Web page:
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Report: Kenyans from minority tribes face employment discrimination in counties

Kenyans from 29 small communities hold less than 1% of jobs in county public service across the country, according to a new report.

In Kenya, the pursuit of equal opportunities in employment remains a persistent challenge, particularly for individuals hailing from minority tribes. Recent revelations and reports have shed light on the systemic discrimination faced by members of these communities when seeking jobs, especially within various county governments.

In a country known for its rich cultural diversity, the issue of tribal discrimination continues to mar the fabric of social inclusivity and equal representation in the workforce. Despite constitutional provisions guaranteeing equal rights and opportunities for all citizens, the unfortunate reality suggests a starkly contrasting scenario.

A decade after a new constitution that introduced county governments to help enhance equity in resource distribution and ensure service is closer to the people, Kenyans from small tribes continue to face ethnic favouritism and discrimination when it comes to securing jobs in the devolved units.

In the latest report by the National Cohesion and Integration Commission (NCIC), a public body aimed at addressing and reducing inter-ethnic conflicts in Kenya, citizens from large tribes namely Kikuyu, Kalenjin, Luhya and Luo continue to dominate employment opportunities in the majority of the 47 counties, with over 90% ethnic dominance against the smaller tribes.

Kenya has more than 40 tribes.

Ethnic enclaves still exist in the 21st century

According to the County Government Act of 2012, all counties should not employ more than 70% of the workforce from one tribe, to ensure inclusivity, and fairness to all the ethnic groups in a particular county.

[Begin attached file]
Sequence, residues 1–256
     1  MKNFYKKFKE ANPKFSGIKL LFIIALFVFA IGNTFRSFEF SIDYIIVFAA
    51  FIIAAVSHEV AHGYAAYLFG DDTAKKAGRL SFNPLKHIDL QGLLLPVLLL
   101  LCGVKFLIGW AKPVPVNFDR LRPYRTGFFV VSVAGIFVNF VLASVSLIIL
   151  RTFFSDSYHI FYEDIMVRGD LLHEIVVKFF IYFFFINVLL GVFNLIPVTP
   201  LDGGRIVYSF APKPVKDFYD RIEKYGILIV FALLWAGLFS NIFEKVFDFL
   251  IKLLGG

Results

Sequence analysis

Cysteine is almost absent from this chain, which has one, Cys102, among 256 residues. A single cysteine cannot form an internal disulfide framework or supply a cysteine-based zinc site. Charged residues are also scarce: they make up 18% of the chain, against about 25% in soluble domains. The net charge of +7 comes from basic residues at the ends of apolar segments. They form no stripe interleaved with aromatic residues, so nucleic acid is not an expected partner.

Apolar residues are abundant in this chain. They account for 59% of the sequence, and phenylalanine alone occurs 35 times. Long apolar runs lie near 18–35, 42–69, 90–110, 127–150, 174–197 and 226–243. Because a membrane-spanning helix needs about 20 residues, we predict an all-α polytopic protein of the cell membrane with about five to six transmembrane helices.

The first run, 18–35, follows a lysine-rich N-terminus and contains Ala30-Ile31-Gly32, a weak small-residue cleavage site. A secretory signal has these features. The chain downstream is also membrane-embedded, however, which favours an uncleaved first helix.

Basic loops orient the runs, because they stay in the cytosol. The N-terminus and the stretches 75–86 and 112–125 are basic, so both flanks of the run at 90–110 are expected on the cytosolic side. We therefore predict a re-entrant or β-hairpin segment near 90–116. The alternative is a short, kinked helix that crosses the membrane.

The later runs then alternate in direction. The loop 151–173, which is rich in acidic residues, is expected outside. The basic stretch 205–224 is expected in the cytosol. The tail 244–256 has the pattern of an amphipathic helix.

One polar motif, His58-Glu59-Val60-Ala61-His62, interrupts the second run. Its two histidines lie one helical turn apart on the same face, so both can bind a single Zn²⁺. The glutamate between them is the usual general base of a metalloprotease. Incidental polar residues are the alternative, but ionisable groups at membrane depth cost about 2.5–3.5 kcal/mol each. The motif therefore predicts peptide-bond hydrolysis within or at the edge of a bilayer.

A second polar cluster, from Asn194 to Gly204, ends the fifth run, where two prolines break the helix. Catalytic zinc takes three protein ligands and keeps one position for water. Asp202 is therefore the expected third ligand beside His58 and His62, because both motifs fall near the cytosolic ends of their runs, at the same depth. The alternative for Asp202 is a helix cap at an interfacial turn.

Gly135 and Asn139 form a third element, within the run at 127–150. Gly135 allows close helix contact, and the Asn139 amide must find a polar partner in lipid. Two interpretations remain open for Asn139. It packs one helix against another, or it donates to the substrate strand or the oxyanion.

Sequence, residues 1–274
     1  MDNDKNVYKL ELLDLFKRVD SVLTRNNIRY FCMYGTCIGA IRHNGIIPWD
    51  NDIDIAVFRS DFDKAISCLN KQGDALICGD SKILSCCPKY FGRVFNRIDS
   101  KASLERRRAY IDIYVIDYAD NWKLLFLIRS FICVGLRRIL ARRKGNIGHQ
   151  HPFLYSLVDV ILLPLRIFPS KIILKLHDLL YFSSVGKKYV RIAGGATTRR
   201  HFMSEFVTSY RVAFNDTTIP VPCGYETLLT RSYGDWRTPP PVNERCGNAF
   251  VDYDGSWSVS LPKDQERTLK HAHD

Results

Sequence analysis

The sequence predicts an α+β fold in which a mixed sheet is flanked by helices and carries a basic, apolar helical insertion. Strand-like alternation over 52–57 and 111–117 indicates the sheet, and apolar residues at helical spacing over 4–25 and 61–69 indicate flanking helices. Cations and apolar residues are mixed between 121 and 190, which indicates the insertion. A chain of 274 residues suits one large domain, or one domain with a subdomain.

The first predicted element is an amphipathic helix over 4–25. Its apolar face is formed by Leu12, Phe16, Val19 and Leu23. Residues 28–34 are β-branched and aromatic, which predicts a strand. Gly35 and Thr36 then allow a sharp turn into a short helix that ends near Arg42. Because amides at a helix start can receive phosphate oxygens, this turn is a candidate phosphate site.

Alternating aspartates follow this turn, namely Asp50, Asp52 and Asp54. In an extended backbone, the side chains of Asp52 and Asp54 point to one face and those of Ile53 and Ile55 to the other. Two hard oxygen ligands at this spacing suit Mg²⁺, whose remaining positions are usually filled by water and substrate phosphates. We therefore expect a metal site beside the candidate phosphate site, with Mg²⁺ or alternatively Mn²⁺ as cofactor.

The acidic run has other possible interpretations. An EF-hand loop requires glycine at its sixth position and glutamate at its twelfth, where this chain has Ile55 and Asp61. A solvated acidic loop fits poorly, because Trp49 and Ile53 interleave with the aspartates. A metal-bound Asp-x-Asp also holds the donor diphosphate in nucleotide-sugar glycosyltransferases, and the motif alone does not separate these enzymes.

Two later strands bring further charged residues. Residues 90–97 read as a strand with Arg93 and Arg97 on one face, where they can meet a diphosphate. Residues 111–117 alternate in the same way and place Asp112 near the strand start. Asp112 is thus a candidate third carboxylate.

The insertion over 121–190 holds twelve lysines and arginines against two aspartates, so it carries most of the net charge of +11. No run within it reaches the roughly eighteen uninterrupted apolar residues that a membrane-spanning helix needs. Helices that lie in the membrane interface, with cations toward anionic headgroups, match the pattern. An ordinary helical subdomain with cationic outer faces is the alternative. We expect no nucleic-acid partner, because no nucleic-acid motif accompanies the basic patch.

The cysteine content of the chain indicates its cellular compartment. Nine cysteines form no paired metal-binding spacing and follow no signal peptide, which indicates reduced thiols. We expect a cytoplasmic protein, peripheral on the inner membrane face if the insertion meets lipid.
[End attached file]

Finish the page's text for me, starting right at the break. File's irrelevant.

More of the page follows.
“This shows we are still ethnic enclaves as a country. Loyalty is first to the ethnic group and then to the country.  Minorities are being marginalised,” said Danvas Makori, from the NCIC.

In July, another report by the National Assembly’s Committee on National Cohesion and Equal Opportunity stated that apart from counties, public institution jobs are dominated by the Kikuyu and Kalenjin communities.

Only 13 counties out of the 47 have complied with the existing legal framework on ethnic diversity, with the cities of Nairobi, Mombasa, and Nakuru reported as the most ethnically diverse, with more than 30 ethnic groups represented in each of the county’s public service.

Instances of preferential treatment towards individuals from dominant tribes, predominantly in the allocation of employment opportunities within county governments, have surfaced, sparking outrage and concerns among advocacy groups and civil society organizations.

One of the primary grievances highlighted is the prevalence of nepotism and tribal favoritism in the hiring process within county administrations. Reports indicate that candidates from minority tribes often encounter biased recruitment practices, where meritocracy takes a back seat to tribal affiliation or connections.

Moreover, the lack of representation from minority communities in decision-making positions exacerbates the issue, as individuals from these tribes face significant barriers when aspiring for higher-ranking roles within county bureaucracies. This entrenched bias not only affects individuals’ livelihoods but also perpetuates a cycle of exclusion and inequality.

The implications of such discriminatory practices extend beyond mere employment statistics. They strike at the core of Kenya’s aspirations for unity, social cohesion, and inclusive governance. The exclusion of qualified individuals based on tribal background undermines the nation’s efforts to foster a harmonious society founded on the principles of equality and diversity.

Efforts to address these concerns are underway, with civil society groups advocating for transparent and merit-based recruitment processes. Calls for the implementation of stringent measures to curb discriminatory practices and ensure compliance with constitutional provisions have gained momentum.

Furthermore, initiatives promoting diversity, cultural sensitivity training, and fostering an inclusive work environment within county administrations have been recommended as essential steps toward eradicating systemic discrimination.

As Kenya progresses towards achieving its developmental goals, it is imperative to confront and dismantle the barriers hindering equal access to employment opportunities. Embracing diversity, promoting inclusivity, and upholding the principles of fairness in employment practices within county governments are vital steps towards fostering a truly united and prosperous nation.


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